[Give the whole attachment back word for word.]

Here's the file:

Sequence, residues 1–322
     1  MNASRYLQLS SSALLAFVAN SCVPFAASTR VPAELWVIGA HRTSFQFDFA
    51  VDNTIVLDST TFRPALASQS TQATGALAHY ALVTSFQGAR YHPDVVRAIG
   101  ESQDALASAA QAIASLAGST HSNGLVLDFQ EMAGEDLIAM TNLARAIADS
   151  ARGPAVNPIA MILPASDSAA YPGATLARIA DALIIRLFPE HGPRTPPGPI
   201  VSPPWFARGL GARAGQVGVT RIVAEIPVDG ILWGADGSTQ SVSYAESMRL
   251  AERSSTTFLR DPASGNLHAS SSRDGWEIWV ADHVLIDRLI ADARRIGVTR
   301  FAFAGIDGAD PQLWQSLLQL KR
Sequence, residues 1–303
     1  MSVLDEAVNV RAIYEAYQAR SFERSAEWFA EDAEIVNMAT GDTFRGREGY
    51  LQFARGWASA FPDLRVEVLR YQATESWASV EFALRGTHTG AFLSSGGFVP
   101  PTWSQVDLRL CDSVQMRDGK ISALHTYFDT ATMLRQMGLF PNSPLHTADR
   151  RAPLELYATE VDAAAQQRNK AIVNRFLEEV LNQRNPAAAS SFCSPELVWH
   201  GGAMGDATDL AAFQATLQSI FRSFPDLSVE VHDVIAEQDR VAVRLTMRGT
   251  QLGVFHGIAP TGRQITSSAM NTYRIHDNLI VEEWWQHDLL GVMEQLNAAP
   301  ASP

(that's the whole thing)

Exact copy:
Sequence, residues 1–322
     1  MNASRYLQLS SSALLAFVAN SCVPFAASTR VPAELWVIGA HRTSFQFDFA
    51  VDNTIVLDST TFRPALASQS TQATGALAHY ALVTSFQGAR YHPDVVRAIG
   101  ESQDALASAA QAIASLAGST HSNGLVLDFQ EMAGEDLIAM TNLARAIADS
   151  ARGPAVNPIA MILPASDSAA YPGATLARIA DALIIRLFPE HGPRTPPGPI
   201  VSPPWFARGL GARAGQVGVT RIVAEIPVDG ILWGADGSTQ SVSYAESMRL
   251  AERSSTTFLR DPASGNLHAS SSRDGWEIWV ADHVLIDRLI ADARRIGVTR
   301  FAFAGIDGAD PQLWQSLLQL KR
Sequence, residues 1–303
     1  MSVLDEAVNV RAIYEAYQAR SFERSAEWFA EDAEIVNMAT GDTFRGREGY
    51  LQFARGWASA FPDLRVEVLR YQATESWASV EFALRGTHTG AFLSSGGFVP
   101  PTWSQVDLRL CDSVQMRDGK ISALHTYFDT ATMLRQMGLF PNSPLHTADR
   151  RAPLELYATE VDAAAQQRNK AIVNRFLEEV LNQRNPAAAS SFCSPELVWH
   201  GGAMGDATDL AAFQATLQSI FRSFPDLSVE VHDVIAEQDR VAVRLTMRGT
   251  QLGVFHGIAP TGRQITSSAM NTYRIHDNLI VEEWWQHDLL GVMEQLNAAP
   301  ASP